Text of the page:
John's Journal...

Driving Bow Buck Deer

Day 4: Deer Follow the Path of Least Resistance When Bowhunters Drive Them

Editor’s Note: You’ll rarely ever hear the term, “putting on a deer drive,” in relationship to bowhunting. Most hunters never consider the possibility of driving deer when they bowhunt, mainly due to the perception of how to conduct a deer drive.

Click for Larger ViewClick for Larger ViewWhen a buck becomes spooked, he usually wants to take the path of least resistance to get away from approaching danger. He also wants to travel a trail where he'll make the least amount of noise as he escapes. One of the most-deadly bowhunting drive tactics I know creates an escape trail for the buck. Here’s what you do: After deer season ends, go into thick cover, and learn all you can about where the bucks have holed-up during hunting season. More than likely, you'll discover bedding sites, scrapes, rubs and trails. Once you better understand how and where the buck stays in and travels through that cover to avoid hunters, then you can determine the direction of the prevailing wind in your area in relationship to that cover. For instance, in Alabama where I live, the prevailing wind during hunting season moves in from the northwest. After I check out a thick-cover area where I think bucks will hold, I'll move two-thirds of the way into that thick cover toward the northwest. Then I’ll turn around and look for a tree stand site. When I spot the tree I want to hunt from, I'll take a handsaw and a pair of pruning shears with me to cut a small trail about 2-feet wide through the cover that runs within 10 yards of my tree stand. This buck escape trail I’ve created will bring a buck right by my tree stand. Obviously, as with all hunting tactics, this strategy doesn't work every time. However, it has produced enough bucks for me to continue to use it.

Click for Larger ViewClick for Larger ViewRemember though when setting-up this kind of escape trail to make this trail invisible to other hunters who may see it from outside the thicket. Don’t tell anybody about this trail except your buddy who'll help you drive the deer. After using this same trail for one or two seasons, you can decide the continued effectiveness of this trail and whether you need to cut a new trail through that thicket or cut additional trails that funnel deer onto this main trail.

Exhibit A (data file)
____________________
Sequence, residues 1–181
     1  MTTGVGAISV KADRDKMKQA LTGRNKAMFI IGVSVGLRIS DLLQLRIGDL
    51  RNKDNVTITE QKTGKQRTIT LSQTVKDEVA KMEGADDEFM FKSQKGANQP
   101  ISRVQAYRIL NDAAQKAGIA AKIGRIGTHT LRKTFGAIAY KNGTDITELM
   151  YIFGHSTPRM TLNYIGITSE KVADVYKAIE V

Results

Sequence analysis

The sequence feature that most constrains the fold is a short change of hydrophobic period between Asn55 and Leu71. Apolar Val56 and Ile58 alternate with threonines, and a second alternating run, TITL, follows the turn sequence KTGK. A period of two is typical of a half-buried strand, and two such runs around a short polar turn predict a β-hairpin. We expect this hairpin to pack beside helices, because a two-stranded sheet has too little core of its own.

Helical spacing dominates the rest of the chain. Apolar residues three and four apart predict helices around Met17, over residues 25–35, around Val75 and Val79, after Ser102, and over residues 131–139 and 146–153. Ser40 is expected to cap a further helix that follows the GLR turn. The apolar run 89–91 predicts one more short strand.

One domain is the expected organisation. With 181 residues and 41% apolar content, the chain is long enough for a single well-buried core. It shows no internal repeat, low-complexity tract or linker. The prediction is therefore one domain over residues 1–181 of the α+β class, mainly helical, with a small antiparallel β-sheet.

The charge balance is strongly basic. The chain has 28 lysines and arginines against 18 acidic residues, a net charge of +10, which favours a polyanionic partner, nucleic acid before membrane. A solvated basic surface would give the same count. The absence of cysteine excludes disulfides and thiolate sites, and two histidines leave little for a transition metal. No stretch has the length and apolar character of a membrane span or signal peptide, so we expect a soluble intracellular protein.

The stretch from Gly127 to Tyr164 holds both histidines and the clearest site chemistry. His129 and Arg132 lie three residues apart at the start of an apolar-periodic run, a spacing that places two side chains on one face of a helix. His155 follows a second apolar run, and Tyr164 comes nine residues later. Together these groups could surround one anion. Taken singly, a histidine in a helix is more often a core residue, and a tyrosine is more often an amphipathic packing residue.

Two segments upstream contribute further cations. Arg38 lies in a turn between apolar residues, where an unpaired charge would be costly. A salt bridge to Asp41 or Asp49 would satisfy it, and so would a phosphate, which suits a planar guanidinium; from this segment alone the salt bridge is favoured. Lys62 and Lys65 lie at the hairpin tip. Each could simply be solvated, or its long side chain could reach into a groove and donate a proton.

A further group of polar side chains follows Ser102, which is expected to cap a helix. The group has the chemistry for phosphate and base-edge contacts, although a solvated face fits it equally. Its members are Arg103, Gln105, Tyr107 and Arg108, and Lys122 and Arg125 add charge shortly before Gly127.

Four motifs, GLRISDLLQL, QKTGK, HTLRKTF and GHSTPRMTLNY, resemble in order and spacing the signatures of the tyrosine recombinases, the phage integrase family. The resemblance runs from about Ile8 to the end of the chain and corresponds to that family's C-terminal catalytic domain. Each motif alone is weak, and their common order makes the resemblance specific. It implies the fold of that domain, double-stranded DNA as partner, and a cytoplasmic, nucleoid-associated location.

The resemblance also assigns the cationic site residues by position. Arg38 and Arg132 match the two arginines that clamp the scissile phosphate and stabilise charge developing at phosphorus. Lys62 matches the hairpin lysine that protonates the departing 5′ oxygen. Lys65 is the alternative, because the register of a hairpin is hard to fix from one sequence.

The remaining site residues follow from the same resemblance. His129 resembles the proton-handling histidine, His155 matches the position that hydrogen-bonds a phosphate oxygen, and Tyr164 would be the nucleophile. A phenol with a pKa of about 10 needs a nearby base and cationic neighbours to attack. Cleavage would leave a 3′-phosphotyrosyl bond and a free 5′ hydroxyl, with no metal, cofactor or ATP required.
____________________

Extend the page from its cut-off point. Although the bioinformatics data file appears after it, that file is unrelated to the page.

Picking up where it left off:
You’ll learn more-intensive hunting information and tips in the new Kindle eBooks,“How to Hunt Deer Up Close: With Bows, Rifles, Muzzleloaders and Crossbows,” “Bowhunting Deer: The Secrets of the PSE Pros,” “Jim Crumley's Secrets of Bowhunting Deer,” Deer and Fixings” and “How to Hunt Deer Like a Pro,” all by John E. Phillips. Go to, type in the names of the books, and download them to your Kindle, and/or download a Kindle app for your iPad, Smart Phone or computer.

About the Author

John Phillips, winner of the 2012 Homer Circle Fishing Award for outstanding fishing writer by the American Sportfishing Association (AMA) and the Professional Outdoor Media Association (POMA), the 2008 Crossbow Communicator of the year and the 2007 Legendary Communicator chosen for induction into the National Fresh Water Hall of Fame, is a freelance writer (over 6,000 magazine articles for about 100 magazines and several thousand newspaper columns published), magazine editor, photographer for print media as well as industry catalogues (over 25,000 photos published), lecturer, outdoor consultant, marketing consultant, book author and daily internet content provider with an overview of the outdoors. Click here for more information and a list of all the books available from John E. Phillips.

Tomorrow: Bowhunters Need a Hunt Plan to Take Deer on a Drive

Check back each day this week for more about "Driving Bow Buck Deer"

Day 1: Two Bowhunters Can Drive Deer Successfully
Day 2: Understand the Importance of the Deer’s Nose When Bowhunters Drive Deer
Day 3: Bowhunters Use Draw Hunt Drives to Take Deer
Day 4: Deer Follow the Path of Least Resistance When Bowhunters Drive Them
Day 5: Bowhunters Need a Hunt Plan to Take Deer on a Drive

ALL CONTENT PROTECTED UNDER THE DIGITAL MILLENIUM COPYRIGHT ACT. Content theft, either printed or electronic is a federal offense.


Entry 691, Day 4